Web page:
I’ve been wanting to change up my miter saw bench for a few years now and since I’ve recently acquired two radial arm saws I’ve really been itching to incorporate them into my own ultimate miter saw bench! Once I settled on the layout, I got to work making my vision a reality and am really happy with the results! Thanks to my friends at Kreg Tool, I’ve made the plans for this bench available on their site for free!
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Here are the tools and items I used to build my ultimate miter saw bench.
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How to Build the Ultimate Miter Saw Bench
- Layout benches
- Fence location
- Radial arm saw work surface (right side)
- Miter saw bench top (left side)
- Making the fence
- Mounting the miter saw
- Making and installing miter saw bench drawers
- Accessories to increase productivity
- Get the plans!
It may sound obvious, but the first thing I did (after assembling the Kreg universal benches) was to layout all of the benches and make sure that what I’d been planning on was going to actually fit once everything was in place. With the layout confirmed I took to the task of leveling each one of the benches and radial arm saws. Once I was finished, all of the bench tops were coplanar and the radial arm saws were exactly 3-1/2″ higher than the top of the benches (this will make sense later).
The next thing I needed to determine was exactly where I wanted the fence to be located. With a radial arm saw you have a bit of freedom as to where you want to locate the fence. I determined where I felt the belt location was for the types of materials I’ll be cutting most often and made sure that the fence’s location would also work well for the miter saw. Once everything was figured out, I took a ton of measurements and headed over to the CNC to start cutting out parts!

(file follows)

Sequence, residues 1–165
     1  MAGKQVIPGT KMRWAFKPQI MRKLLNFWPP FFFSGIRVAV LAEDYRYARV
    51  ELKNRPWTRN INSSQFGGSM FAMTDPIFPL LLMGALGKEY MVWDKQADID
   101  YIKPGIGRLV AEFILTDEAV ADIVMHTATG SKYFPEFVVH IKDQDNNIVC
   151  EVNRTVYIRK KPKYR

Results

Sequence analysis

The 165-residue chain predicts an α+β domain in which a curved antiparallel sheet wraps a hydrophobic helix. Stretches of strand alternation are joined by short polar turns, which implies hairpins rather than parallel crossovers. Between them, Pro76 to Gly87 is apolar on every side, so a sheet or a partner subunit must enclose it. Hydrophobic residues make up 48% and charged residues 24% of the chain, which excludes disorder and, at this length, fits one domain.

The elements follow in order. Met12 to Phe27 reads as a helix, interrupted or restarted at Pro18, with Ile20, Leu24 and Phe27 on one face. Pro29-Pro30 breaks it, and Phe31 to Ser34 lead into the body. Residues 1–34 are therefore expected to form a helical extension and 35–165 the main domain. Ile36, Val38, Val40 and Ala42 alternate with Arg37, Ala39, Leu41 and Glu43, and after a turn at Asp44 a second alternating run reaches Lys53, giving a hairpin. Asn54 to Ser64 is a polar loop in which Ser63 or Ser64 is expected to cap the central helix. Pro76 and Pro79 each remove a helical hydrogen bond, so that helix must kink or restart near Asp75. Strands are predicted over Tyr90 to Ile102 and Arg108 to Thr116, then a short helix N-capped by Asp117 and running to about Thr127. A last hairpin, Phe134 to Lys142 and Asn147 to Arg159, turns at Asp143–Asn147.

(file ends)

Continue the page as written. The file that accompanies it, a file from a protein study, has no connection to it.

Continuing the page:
Radial arm saw work surface (right side)
With the work surface for the radial arm saw side of the bench drawn up, I programmed the ShopBot and crossed my fingers that all of my measurements were accurate. I cut two layers. The bottom layer was cut from MDF and the top layer was cut from black melamine. All of the cuts and holes that were drilled with the CNC can absolutely still be made with the standard array of tools you’ve seen me use before. Having the CNC just allows me to get through projects faster so that I can move on to the next job as quickly as possible!
Thankfully all of the measurements were right on the money and I secured both layers of the work surface to the mounting bars on both radial arm saws. I then cut a few pieces of Kreg’s Combo Trak to length and screwed them into place.
Miter saw bench top (left side)
The first thing I needed to do on the left side of the bench was to attached a base layer. This gives me something to build off of and will also be the plane that the miter saw sits on. Since I’m building a large bench, I had to crawl under the benches to screw the base layer on.
Next up I cut out the two layers for the top and drilled pocket holes in the risers.
I screwed the risers to the base layer with 1-1/4″ pocket holes screws and spaced them 12-1/8″ apart.